HL Deb 20 January 1970 vol 307 cc6-13

2.43 p.m.


My Lords, I beg to move that this Bill be now read a second time. The Insolvency Services (Accounting and Investment) Bill, which I am asking your Lordships to read a second time today, is concerned with matters incidental to insolvency law; it does not affect the substantive provisions of this law. Under the Bankruptcy Act 1914 and the Companies Act 1948, trustees in bankruptcy and liquidators of companies must, subject to certain exceptions, pay moneys coming into their hands into accounts kept by the Board of Trade with the Bank of England. The Board hand over to the Treasury for investment in Government securities the amounts estimated to be surplus, for the time being, to their requirements for meeting the demands in respect of bankrupts' and companies' estates. The income from the investments, together with fees collected in connection with bankruptcy and companies winding-up proceedings, is paid into the Bankruptcy and Companies Winding-up (Fees) Account established under Section 13 of the Economy (Miscellaneous Provisions) Act 1926 and operated by the Treasury. Issues may be made from this Account towards meeting the costs of administration of the insolvency services. Section 14 of the Economy (Miscellaneous Provisions) Act 1926 requires that, in fixing the scales of bankruptcy fees and of companies winding-up fees, regard shall be had to the sum which it is anticipated will on average be from time to time required to meet the costs of administration of the insolvency services.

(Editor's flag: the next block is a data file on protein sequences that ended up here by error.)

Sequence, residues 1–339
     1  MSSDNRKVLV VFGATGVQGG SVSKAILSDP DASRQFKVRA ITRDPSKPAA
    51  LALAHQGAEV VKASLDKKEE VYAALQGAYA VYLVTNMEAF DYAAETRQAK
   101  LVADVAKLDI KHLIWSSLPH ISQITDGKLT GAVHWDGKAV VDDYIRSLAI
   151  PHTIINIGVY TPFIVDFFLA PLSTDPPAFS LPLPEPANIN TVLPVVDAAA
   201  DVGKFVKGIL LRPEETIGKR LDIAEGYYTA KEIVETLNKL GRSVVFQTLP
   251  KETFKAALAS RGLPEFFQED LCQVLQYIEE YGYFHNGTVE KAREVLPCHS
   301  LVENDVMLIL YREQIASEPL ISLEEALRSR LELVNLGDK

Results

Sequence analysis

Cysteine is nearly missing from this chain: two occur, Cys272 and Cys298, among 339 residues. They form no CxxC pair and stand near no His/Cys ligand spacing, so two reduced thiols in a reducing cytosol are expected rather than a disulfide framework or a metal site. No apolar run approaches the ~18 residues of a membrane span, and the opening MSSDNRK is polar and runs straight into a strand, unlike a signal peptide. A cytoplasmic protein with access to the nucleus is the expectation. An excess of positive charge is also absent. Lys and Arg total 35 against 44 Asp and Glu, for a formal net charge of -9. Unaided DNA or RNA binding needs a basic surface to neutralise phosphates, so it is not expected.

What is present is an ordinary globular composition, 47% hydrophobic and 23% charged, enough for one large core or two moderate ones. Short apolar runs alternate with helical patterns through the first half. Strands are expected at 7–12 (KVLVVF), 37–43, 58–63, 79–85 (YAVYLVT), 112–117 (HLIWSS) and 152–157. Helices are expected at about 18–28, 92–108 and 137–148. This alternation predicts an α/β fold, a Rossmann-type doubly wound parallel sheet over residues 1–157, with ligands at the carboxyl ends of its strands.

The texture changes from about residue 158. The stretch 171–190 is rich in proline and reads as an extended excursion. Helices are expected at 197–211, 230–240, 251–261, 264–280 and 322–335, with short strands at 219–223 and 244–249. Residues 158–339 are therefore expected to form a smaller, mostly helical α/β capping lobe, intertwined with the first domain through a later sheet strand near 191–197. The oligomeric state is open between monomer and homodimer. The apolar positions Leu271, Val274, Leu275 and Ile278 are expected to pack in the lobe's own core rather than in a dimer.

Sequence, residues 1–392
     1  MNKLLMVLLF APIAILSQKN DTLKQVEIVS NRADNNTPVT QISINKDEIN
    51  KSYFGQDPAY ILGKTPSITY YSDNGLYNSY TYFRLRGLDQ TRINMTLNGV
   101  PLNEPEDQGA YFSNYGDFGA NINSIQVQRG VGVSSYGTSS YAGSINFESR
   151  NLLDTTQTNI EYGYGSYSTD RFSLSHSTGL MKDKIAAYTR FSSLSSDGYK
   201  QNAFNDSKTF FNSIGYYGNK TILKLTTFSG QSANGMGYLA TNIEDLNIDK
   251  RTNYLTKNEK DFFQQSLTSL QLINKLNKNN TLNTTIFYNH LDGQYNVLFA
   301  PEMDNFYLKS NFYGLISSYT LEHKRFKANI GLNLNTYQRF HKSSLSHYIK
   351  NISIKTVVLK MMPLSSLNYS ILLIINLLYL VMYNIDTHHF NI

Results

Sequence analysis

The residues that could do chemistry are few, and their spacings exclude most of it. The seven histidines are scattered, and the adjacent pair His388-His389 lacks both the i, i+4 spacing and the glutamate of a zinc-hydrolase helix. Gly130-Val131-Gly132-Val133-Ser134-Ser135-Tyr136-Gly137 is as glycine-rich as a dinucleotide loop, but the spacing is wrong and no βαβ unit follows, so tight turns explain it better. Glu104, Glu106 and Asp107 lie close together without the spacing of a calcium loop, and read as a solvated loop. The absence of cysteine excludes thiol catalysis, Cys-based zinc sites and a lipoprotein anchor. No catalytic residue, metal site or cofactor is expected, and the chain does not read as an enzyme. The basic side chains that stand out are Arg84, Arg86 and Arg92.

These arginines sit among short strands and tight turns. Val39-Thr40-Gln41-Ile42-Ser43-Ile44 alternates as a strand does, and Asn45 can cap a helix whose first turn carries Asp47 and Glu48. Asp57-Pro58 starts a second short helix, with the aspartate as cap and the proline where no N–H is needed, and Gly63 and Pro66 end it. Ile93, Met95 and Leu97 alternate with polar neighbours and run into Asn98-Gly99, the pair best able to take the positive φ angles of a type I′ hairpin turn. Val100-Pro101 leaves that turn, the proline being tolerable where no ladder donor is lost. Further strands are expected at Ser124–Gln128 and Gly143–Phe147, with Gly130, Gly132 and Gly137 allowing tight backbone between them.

Despite this statutory link between costs and income for the insolvency services, deficits have occurred on an increasing scale since 1933. The Board have looked closely at the administration of the insolvency services and take advantage of such scope for economy as is possible. Bankruptcy and companies winding-up fees were substantially increased from May 1, 1969 and the Board consider that the present fees are as high as is consistent with the need to avoid discouraging creditors, debtors and shareholders from making proper use of the official services. There is no prospect of eliminating the remaining deficit on the service and the Bill accordingly repeals the statutory link between costs and income; the Fees Account will also be wound up. Nevertheless, fees will be reviewed in 1970 and subsequent years to ensure that the administration remains efficient and economical and that the net cost to public funds is no greater than the circumstances justify.

Section 15 of the Economy (Miscellaneous Provisions) Act 1926 requires the Treasury to cause to be prepared, and laid before both Houses of Parliament, an annual account showing receipts and expenditure in respect of bankruptcy and companies winding-up proceedings. These arrangements have been criticised by the Public Accounts Committee on the grounds that the annual account is not subject to audit by the Comptroller and Auditor General and does not include any record of the sums deposited with the Board or invested by the Treasury. The Bill accordingly makes new arrangements in respect of the form of the annual accounts and their audit by the Comptroller and Auditor General who will lay them, with his report, before Parliament. The new form of accounts will be adopted for the first complete financial year after the Bill comes into operation.